This opinion will be unpublished and
may not be cited except as provided by
Minn. Stat. § 480A.08, subd. 3 (2000).
IN COURT OF APPEALS
Copper Sales, Inc.,
Commissioner of Economic Security,
Filed March 19, 2002
Department of Economic Security
File No. 383401
Bernard West, 6050 Highway 10 NW, Lot 39, Anoka, MN 55303 (pro se relator)
Copper Sales, Inc., 1001 Lund Boulevard, Anoka, MN 55303 (respondent)
Philip B. Byrne, Minnesota Department of Economic Security, 390 North Robert Street, St. Paul, MN 55101 (for respondent Commissioner of Economic Security)
Considered and decided by Randall, Presiding Judge, Klaphake, Judge, and Poritsky, Judge.*
U N P U B L I S H E D O P I N I O N
R. A. RANDALL, Judge
Relator challenges the commissioner's representative's decision that he was disqualified from receiving unemployment benefits because he committed misconduct by poking a co-worker in the throat and, after relator was suspended, by making a threatening remark to the co-worker, in violation of the employer's policy against violence. Relator argues that the co-worker ignored him and interfered with his work, that he was afraid of the co-worker, and that he pushed the co-worker away after being threatened by him. We affirm.
Relator Bernard West was employed with Copper Sales, Inc. ("Copper Sales") from October 1998 to March 14, 2001, as a material handler. Copper Sales suspended and later terminated relator after he and a co-worker had an altercation.
The day before the altercation, while working second-shift, relator inadvertently caused a machine to shut down. On March 8, 2001, relator approached the co-worker, and they argued about whether the co-worker should have informed the first-shift machine operator of the problem. After the co-worker began running his machine, relator asked him what he wanted loaded on the machine. The co-worker did not answer relator, and relator yelled at him. Shortly thereafter, while laughing or smiling at relator, the co-worker told relator what he needed. Relator "did not like that" and again yelled at the co-worker for not informing the first-shift operator of the machine problem. The co-worker told relator that relator would not have caused the machine to shut down if he had not been "so high" (i.e., under the influence of an illegal substance) at the time. Relator responded that the co-worker did not know how to do his job. The co-worker "got into [relator's] face," and they argued. At this point, relator thrust his finger at the co-worker's neck, jabbing the co-worker in the "Adam's Apple." The co-worker denied provoking relator.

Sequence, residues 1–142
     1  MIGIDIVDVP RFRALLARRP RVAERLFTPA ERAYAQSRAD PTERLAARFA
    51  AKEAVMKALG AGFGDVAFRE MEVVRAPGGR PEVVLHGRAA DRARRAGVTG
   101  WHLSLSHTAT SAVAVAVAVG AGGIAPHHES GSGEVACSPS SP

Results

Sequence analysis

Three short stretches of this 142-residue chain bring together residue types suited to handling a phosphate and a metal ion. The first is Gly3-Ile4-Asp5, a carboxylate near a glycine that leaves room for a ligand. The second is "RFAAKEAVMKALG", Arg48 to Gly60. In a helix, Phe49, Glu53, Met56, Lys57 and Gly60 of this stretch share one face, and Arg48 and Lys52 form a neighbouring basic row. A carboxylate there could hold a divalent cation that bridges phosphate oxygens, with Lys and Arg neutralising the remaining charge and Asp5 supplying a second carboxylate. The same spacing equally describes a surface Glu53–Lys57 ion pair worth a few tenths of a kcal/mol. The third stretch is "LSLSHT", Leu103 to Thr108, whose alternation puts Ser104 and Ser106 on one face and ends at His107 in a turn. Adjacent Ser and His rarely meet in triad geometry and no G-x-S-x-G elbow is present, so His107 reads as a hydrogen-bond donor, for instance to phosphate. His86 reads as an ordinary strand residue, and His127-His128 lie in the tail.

The co-worker reported the incident to the supervisor the next day, and relator was suspended for the conduct. On his way out of the building after being suspended, relator told the co-worker that the next time the co-worker gets "in somebody's face they're going to end up shooting you and it ain't going to be me." Copper Sales has a written policy that prohibits "[f]ighting or threatening violence in the workplace." Several members of Copper Sales' management reviewed relator's suspension and terminated relator based on the seriousness of the offense.
After his termination, relator applied for unemployment benefits. The Department of Economic Security determined that relator was disqualified because he had been discharged for employment misconduct. Relator challenged the decision, and after a hearing, the unemployment judge concluded that relator was disqualified from receiving benefits. Relator appealed, and on August 16, 2001, the commissioner's representative affirmed the decision, concluding that relator was discharged for willful misconduct and that relator did not offer any compelling justification for his behavior. Relator challenges the commissioner's representative's decision.
D E C I S I O N
An employee who is discharged from employment for employment misconduct is disqualified from receiving unemployment benefits. Minn. Stat. § 268.095, subd. 4(1) (2000). Whether the employee is disqualified from receiving benefits because of misconduct is a mixed question of fact and law. Colburn v. Pine Portage Madden Bros., 346 N.W.2d 159, 161 (Minn. 1984). The commissioner's representative's factual findings are viewed in the light most favorable to the decision and will be upheld if the evidence in the record reasonably supports those findings. Lolling v. Midwest Patrol, 545 N.W.2d 372, 377 (Minn. 1996). After the facts are established, whether the employee's behavior constituted misconduct under the statute is a question of law reviewed de novo on appeal. Monyoro v. Marriott Corp., 403 N.W.2d 325, 328 (Minn. App. 1987).